Legislation would create more direct-to-consumer options
June 30, 2020 By Meghan Grebner Filed Under: Beef, Human Interest, Livestock, News
New bipartisan legislation has been introduced in the House to
create direct-to-consumer options for beef producers, processors, and small
The DIRECT Act of 2020 would amend retail exemptions to
allow meat processed under state-inspected facilities to be sold across state
lines through e-commerce.
The food supply chain was disrupted during the early months
of the coronavirus pandemic when processing facilities were forced to slow and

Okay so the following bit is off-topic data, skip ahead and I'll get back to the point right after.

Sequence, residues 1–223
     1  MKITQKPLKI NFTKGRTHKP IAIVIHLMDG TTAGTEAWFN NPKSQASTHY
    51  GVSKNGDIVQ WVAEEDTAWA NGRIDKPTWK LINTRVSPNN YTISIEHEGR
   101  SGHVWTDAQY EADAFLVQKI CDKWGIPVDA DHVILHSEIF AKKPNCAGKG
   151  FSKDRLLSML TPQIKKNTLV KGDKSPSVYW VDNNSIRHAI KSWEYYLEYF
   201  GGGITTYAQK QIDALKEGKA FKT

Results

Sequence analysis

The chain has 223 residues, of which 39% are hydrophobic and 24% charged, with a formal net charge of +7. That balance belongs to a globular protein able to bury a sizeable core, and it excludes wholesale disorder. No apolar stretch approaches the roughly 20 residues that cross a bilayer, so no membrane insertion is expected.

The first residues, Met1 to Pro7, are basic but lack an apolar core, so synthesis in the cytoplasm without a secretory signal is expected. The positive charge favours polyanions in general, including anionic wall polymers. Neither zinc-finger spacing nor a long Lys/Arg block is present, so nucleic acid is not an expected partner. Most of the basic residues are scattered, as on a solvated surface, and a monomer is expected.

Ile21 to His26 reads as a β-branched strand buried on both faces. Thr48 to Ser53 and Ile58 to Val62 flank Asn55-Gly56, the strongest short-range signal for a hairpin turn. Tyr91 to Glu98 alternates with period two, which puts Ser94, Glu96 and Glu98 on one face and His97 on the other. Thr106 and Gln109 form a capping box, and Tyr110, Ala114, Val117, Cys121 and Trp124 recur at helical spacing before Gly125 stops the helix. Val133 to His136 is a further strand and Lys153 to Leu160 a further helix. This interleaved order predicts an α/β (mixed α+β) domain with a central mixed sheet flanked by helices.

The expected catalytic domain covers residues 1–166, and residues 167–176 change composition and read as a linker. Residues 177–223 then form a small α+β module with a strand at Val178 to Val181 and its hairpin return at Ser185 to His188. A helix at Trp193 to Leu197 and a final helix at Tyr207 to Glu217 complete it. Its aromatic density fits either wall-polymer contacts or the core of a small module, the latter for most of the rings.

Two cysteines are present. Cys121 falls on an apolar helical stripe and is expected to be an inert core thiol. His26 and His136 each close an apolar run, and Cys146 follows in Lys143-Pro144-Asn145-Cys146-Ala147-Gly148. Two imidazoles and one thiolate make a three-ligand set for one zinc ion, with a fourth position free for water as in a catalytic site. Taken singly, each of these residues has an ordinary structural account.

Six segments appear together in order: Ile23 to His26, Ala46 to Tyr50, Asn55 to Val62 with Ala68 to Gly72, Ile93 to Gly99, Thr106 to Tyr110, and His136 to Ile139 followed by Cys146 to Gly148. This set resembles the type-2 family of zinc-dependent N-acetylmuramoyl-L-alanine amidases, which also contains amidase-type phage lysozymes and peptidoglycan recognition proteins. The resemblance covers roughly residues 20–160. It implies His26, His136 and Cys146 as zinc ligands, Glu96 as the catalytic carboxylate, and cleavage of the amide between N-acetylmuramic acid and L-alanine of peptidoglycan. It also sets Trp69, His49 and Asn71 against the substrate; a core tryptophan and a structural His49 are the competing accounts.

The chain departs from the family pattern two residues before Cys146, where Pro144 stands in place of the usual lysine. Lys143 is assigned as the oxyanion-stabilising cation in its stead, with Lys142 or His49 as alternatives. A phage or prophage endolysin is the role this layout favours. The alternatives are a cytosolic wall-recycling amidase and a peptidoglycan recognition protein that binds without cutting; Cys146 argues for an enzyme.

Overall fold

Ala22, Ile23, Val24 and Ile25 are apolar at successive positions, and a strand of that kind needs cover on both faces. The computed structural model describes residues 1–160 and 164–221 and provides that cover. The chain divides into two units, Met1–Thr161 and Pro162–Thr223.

shut down, creating a shortage of supplies at the grocery store. Consumers
were looking for other resources, including purchasing direct, to meet their
National Cattlemen’s Beef Association president Marty Smith says the organization supports the legislation because it makes it easier for American cattle producers to meet the growing demand of consumers to purchase safe and delicious beef.
Some states currently have programs approved by the USDA’s Food Safety and Inspection Service that have “at least equal to” standards, but products can only be sold interstate if approved under the Cooperate Interstate Shipping Program.
The Direct Interstate Retail Exemption for Certain
Transactions (DIRECT) Act of 2020 was introduced by Representatives Dusty
Johnson (R, South Dakota) and Henry Cuellar (D, Texas).
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